It was a while ago but I remember when one of our clients came to us and said,
“Something either has to change or we’re shutting down the operation”
Now when things get to the point that someone is ready to throw in the towel on a physical production outfit things are bad.
The first thing I was impressed with is that this business owner recognized that he had an operational problem.
Most companies aren’t that willing to admit that the problem lies within.
The second thing was that he was willing to pay someone to fix it.
So in walked in the Process Experts.
Now if you’re a smart client you will do what our client did. He asked, “What is the first thing you do in fixing this problem?”
Valid question right?
For most process improvement experts it’s almost like we know the answer intuitively, so you’re amazed that someone would NOT know the answer.
All problems begin with this step, so if you’re used to solving problems in your life effectively then you’ll know where to start.
The challenge is most people don’t solve problems, they just put a bandage on them and move on.
We tend to solve the symptoms and not the problem itself.
If you don’t know where you’re starting you’re never going to know if you’ve made progress or not.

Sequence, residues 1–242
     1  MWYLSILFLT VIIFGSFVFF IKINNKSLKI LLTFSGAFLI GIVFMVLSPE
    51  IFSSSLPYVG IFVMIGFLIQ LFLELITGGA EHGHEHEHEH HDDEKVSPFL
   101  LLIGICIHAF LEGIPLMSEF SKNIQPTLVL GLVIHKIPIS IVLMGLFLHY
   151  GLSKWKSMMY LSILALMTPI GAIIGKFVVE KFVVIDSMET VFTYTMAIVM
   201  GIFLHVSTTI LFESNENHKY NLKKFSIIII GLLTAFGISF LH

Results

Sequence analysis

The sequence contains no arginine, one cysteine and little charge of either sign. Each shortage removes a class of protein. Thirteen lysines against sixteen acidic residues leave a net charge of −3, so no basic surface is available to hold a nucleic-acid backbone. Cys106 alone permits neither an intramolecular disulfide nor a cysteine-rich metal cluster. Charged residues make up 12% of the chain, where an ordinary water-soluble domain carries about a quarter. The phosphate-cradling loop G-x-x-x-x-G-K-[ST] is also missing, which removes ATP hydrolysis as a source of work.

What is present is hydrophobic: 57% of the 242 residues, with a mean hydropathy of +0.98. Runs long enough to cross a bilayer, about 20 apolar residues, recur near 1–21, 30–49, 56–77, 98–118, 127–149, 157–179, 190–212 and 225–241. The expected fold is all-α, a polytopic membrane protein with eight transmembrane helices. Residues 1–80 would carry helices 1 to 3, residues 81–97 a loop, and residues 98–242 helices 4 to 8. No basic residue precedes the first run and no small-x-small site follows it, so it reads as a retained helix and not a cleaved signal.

So Step 1 is – You must have a baseline.
What’s your starting point.
To the client they are only telling you everything is a MESS
How do you quantify “a Mess”
The engineer in me hates when someone comes and tells me that service is really bad everywhere, or we have ALOT of dropped calls,
or we have TONS of rework!
Here’s what I need from you if you want me to help you.
I need to know how many widgets you make a day.
Then I need to know how many of those widgets need to be redone.
That’s my baseline.
So if your network has 1,000,000 calls an hour and you have 3 dropped calls in that hour – then your definition of ALOT is drastically OFF!
So it’s not rocket science!
To start to improve on something you need to know where you’re at!
And you need to be able to quantify it.
This client came with an operations problem, but he kept saying to us was that his company isn’t liquid.
So maybe he’s trying to solve the problem before properly identifying it.
Yes it is true, everything that we DO in our business affects our financials but you need to decide what the problem is first.
So then he insists, “It’s the liquidity” “We have to borrow money every month to stay a float”
Well we’re not accountants but sounds like a CASH FLOW problem.
So here’s our first step – we look at the past five years of their financials and we start to pull out some ratios ……..
……. in order to get a baseline!
You have to know where you’ve been to know where you’re going!
So just to recap – What’s the first step to process improvement?
Finding Your Baseline
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